Fifty Shades Of Grey
A "Fifty Shades of Grey" text generator randomly recreates passages similar to those from the erotic novels. Reuters

You may have heard of this movie called "Fifty Shades of Grey" coming out in theaters on Friday and perfect (so they say) for Valentine's Day. The movie, starring Dakota Johnson and Jamie Dornan, is an adaptation of E.L. James' erotic novel of the same name, which has sold more than 50 million copies worldwide. If you looked at people reading the book on the train and scoffed at the idea of anyone taking it seriously, Thursday may bring some validation. Lisa Wray had some fun and created a "50 Shades of Grey" text generator that creates steamy, grammatically correct "mommy porn" with a simple click of a button.

Wray's friend shared her story on Reddit. A developer advocate at Google, she was challenged to create text similar to "50 Shades of Grey" using a computer and developed a random text generator using the Dada Engine. "The engine parses a 'grammar' file and turns it into a list of vocabulary and rules, then recursively evaluates the input, choosing randomly among options at each juncture," Wray explains. The Dada Engine provided a good platform to start the project, but she still had to add more than 1,000 lines of code to make the story flow and not sound like something Yoda would say in "Star Wars."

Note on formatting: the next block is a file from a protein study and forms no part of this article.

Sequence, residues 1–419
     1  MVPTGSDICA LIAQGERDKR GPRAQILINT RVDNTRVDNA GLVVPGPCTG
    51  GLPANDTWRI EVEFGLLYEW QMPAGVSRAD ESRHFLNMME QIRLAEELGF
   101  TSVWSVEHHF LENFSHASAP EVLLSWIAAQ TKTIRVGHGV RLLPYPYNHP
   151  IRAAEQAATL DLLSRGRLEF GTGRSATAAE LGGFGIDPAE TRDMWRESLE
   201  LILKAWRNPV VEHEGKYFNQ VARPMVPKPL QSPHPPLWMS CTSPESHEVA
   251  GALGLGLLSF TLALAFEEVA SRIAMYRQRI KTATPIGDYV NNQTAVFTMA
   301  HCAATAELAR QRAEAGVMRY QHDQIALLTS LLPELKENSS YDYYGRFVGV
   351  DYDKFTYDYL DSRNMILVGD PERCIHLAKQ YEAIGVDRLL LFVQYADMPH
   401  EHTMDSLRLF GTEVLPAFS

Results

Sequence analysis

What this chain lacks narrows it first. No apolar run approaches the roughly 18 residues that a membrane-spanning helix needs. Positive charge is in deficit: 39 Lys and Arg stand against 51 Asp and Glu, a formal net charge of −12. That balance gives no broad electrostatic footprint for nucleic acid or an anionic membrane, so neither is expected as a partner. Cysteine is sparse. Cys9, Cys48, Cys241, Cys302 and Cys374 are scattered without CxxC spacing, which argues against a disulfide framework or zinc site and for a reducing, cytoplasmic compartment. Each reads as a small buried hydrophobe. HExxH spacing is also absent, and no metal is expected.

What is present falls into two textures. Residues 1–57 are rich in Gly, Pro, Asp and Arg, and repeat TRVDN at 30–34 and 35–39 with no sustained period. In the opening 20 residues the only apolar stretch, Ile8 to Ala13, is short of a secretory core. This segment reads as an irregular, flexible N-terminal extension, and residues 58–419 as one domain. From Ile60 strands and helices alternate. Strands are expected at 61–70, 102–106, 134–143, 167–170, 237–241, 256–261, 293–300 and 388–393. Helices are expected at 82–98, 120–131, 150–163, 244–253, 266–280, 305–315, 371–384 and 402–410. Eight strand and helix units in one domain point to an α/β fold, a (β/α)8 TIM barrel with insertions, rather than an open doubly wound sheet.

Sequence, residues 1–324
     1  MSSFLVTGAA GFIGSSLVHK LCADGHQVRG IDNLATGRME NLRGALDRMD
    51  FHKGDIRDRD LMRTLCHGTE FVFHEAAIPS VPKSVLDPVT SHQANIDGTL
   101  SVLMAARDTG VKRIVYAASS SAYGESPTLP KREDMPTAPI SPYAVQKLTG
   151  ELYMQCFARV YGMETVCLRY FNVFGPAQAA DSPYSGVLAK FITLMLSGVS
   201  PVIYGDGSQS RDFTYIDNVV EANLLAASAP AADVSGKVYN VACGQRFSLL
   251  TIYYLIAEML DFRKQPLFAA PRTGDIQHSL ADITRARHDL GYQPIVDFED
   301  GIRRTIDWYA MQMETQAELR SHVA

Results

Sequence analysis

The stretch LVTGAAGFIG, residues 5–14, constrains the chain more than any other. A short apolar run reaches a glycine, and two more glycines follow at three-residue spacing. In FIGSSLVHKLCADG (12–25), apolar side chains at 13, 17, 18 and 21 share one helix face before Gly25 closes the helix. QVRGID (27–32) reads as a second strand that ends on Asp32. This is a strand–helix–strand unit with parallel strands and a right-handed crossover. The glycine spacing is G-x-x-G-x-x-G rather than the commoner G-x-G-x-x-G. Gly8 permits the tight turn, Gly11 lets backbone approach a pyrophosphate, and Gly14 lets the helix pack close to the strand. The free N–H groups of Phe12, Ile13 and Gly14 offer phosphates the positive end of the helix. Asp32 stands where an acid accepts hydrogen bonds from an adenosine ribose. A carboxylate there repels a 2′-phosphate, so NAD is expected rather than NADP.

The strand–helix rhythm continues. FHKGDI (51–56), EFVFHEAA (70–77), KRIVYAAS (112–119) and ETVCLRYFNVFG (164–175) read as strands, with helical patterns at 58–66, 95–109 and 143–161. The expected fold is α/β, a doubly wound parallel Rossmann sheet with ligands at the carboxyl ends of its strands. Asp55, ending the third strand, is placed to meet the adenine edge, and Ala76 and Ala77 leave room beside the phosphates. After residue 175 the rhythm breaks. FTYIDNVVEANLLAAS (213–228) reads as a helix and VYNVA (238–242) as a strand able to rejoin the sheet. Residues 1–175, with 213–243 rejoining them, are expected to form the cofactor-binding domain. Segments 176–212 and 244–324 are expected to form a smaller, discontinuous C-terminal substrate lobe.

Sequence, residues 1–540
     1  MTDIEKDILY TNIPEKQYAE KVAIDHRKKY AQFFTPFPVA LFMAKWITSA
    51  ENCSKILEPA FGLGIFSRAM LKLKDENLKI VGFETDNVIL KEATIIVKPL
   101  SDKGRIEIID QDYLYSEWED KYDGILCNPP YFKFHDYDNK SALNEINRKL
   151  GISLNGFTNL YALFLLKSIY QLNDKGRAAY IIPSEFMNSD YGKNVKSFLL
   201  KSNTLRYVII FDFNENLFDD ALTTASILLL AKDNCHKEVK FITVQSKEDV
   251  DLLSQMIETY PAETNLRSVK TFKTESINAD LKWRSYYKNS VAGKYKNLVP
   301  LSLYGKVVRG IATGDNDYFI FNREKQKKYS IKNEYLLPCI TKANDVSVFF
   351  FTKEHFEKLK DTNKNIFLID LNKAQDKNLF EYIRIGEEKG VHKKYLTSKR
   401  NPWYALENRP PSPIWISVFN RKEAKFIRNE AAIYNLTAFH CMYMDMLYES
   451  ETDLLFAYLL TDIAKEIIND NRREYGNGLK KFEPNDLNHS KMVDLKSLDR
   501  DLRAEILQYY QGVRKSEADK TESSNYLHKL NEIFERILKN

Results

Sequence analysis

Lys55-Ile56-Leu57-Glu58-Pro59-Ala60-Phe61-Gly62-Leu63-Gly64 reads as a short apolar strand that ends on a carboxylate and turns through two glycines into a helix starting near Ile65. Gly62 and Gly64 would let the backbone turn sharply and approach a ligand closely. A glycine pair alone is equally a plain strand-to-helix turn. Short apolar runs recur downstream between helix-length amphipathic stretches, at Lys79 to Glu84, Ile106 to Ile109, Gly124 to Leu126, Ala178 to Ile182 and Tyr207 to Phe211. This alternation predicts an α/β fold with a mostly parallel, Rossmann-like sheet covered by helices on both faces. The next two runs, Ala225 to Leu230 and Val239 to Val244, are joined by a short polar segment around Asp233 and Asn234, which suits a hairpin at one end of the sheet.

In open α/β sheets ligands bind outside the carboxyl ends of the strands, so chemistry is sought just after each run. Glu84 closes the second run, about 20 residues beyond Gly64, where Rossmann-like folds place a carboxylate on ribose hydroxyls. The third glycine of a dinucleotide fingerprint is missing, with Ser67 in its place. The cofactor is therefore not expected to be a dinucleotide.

Wray's efforts produce text that's equal parts "50 Shades of Grey" and comedy. "The sensual strains of Miley Cyrus drift through the headphones he put on me. I love his choice," reads one randomly generated line of text. "My subconscious has stopped dancing and is staring too, mouth open and drooling slightly," reads another. "My inner goddess is doing the merengue with salsa moves," was perhaps my favorite line of random text.

For a quick project, the "Fifty Shades" text generator was a success, although the options can be limited and some of the phrases get repeated. Wray said she may work up a more sophisticated version in the future.

Random text generators are not new, but they are a fun tool for programmers. Some random text generators have been used to create research papers, which have been accepted to journals, while other generators have been used to create realistic chat bots. You can "talk" to Mitsuku much as you would to a person, for example. In 2014 a computer program passed the Turing Test.

In 1950, Alan Turing wondered if machines could be made to think and devised a test to determine if a human could tell if he was talking to a machine. If a program could fool a human more than 30 percent of the time over several five-minute keyboard conversations, it would pass the Turing Test. "Eugene Goostman" is a simulation of a 13-year-old boy and was the first program to pass the test, fooling judges 33 percent of the time.